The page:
Move your mouse over the image to compare it with the original version.
4.4) Reducing Noise in Neat Image Pro
Another great tool to remove noise from images is Neat Image Pro. I have used Neat Image Pro in the past and I really enjoyed it before seeing Dfine and Noise Ninja. It has many more options than Lightroom and Dfine, but lacks Dfine’s ability to exclude certain areas of the image from getting touched (will probably be added in future versions). Here is how the user interface looks like:
It has camera profiles for many digital cameras, and as you can see from the above screenshot, my D300 was quickly identified and it automatically selected a noisy area to work with after I clicked the “Auto profile” button. Next, I went to Noise Filter Settings and I slightly increased Noise Reduction “Luminance channel” amount, then increased the sharpness of the image under “Sharpening Amount” to 40% and finally pressed the “Preview” button to see what my changes would look like:
After I was done, I clicked the “Apply” button to get the image processed using the above settings. Here is how the final image looks like (move the mouse over to see the original):
4.5) Reducing Noise in Noise Ninja
The last tool I want to show you is Noise Ninja, perhaps the most popular tool among photographers today. It is certainly more powerful than both Neat Image and Nik Software Dfine and offers many ways to fine-tune noise reduction. The biggest benefit of Noise Ninja, is its ability to selectively apply or reduce noise reduction through a special “Noise Brush” tool. It is somewhat similar to Dfine, but is much more precise, since the brush can be applied to any area, just like a masking tool in Photoshop. You can paint over individual parts of your subject with either a soft-edge or a hard-edge brush and it is possible to isolate areas that need or do not need noise reduction applied. Here is what I used for the filter settings:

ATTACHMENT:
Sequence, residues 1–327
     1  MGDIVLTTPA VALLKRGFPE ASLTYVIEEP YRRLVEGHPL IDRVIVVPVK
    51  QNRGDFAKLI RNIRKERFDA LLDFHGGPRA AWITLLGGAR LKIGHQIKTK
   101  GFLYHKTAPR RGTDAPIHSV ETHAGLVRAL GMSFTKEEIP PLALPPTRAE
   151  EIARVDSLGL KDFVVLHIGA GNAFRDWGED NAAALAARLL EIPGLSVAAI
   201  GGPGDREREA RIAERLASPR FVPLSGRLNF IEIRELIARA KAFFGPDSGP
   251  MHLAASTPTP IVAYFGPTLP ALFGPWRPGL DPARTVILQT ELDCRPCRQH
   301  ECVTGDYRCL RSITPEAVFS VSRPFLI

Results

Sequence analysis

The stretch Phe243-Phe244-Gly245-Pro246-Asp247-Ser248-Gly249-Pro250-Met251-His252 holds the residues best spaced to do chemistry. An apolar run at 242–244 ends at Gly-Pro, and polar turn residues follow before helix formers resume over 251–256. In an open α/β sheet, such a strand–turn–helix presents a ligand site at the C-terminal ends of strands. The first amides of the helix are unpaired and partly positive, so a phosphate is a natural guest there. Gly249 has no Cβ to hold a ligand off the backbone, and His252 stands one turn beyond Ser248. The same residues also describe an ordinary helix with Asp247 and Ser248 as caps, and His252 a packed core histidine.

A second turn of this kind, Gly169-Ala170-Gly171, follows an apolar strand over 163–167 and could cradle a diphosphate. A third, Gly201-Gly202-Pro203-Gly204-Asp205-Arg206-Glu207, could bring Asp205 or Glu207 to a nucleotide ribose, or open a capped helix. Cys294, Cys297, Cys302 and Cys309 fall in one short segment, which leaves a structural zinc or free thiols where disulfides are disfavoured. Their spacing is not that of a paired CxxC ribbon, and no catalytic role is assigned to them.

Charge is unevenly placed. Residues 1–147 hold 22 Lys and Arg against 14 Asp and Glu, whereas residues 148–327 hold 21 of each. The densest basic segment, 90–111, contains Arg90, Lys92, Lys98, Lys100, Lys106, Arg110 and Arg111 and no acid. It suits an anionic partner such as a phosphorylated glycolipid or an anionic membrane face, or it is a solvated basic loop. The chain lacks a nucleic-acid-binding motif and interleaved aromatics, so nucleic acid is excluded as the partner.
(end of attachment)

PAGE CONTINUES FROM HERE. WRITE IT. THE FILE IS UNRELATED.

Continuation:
And here is the Noise Brush tab, where you can brush over areas that you want to include or exclude in/from noise reduction:
Here is how the final image looks like (move the mouse over to see the original):